Health Insurance for Employees Has Become Most Expensive Benfit for Employers, Study Finds
The cost of providing health care benefits to employees has become the most expensive benefit for employers, surpassing for the first time in a decade the cost of providing of paid leave, according to a study released Tuesday by the Employment Policy Foundation, CBS Marketwatch/Tallahassee Democrat reports. Researchers from EPF analyzed government data from about 8,200 private employers and found that in the first quarter of 2004, medical benefits accounted for 23% of nonwage compensation, while paid leave accounted for 22.6%. The study also found that employer spending on workers' health benefits reached $331 billion last year -- or an average of $3.80 per hour for each worker participating in a health plan -- a 51% increase over the $219 billion spent in 1998. Between 2002 and 2003 alone, employer spending on health benefits increased more than 12%, more than five times the rate of inflation, the study found. The study also estimated that the percentage of workers who received health care coverage through their employers decreased to 45% in 2003 from 53% in 1999.
EPF President Ed Potter said, "The private sector, as far as I can see, has essentially maxed out on what it's able to do. When you have large companies who historically have been able to pay who no longer are able to be competitive by paying the bill, you come to appreciate there's a problem here." He added, "It's such an increasing part of the overall compensation for employees that there is the inevitable consequence that wage increases are going to be affected by this" (Gerencher, CBS Marketwatch/Tallahassee Democrat, 8/6). The study is available online. Note: you must have must have Adobe Acrobat Reader to view this report.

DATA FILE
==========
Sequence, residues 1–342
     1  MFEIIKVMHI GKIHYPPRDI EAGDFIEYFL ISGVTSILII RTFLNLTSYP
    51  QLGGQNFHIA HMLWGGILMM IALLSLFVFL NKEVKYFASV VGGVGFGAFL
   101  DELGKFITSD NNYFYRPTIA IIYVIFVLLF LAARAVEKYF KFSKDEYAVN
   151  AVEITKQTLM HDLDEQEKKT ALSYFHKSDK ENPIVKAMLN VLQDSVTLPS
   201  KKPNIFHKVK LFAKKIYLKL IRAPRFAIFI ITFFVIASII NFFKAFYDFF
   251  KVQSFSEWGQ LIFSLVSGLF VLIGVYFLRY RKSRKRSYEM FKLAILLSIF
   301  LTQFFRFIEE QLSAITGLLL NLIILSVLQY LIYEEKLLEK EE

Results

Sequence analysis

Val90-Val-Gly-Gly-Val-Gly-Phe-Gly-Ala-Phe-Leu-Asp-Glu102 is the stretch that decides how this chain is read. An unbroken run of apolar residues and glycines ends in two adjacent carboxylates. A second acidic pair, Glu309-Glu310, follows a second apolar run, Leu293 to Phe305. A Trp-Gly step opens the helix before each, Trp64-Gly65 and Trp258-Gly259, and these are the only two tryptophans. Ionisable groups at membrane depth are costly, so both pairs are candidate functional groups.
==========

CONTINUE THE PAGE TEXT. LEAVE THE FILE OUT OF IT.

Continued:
In related news, General Motors Chief Financial Officer John Devine on Thursday at an automotive seminar in Detroit said that the cost of providing health care benefits to employees is the largest obstacle the company faces in competing with foreign automakers, the AP/Fort Worth Star-Telegram reports. According to Devine, GM spent $4.8 billion on employee health care benefits in 2003, and company officials expect health benefit costs to rise 8% this year. He added that GM and other Detroit automakers spent a combined $8.5 billion on health care last year. Last month at the National Governors Association conference in Seattle, Ford Motor Company Vice Chair Allan Gilmour said that providing health care benefits to company employees adds about $1,000 to the cost of every Ford car or truck built in the United States, 33% of which is related to prescription drug costs, the AP/Star-Telegram reports. Devine said, "I think we need to see some urgency" in finding solutions to rising health care costs in the United States (Porretto, AP/Fort Worth Star-Telegram, 8/6).This is part of the California Healthline Daily Edition, a summary of health policy coverage from major news organizations. Sign up for an email subscription.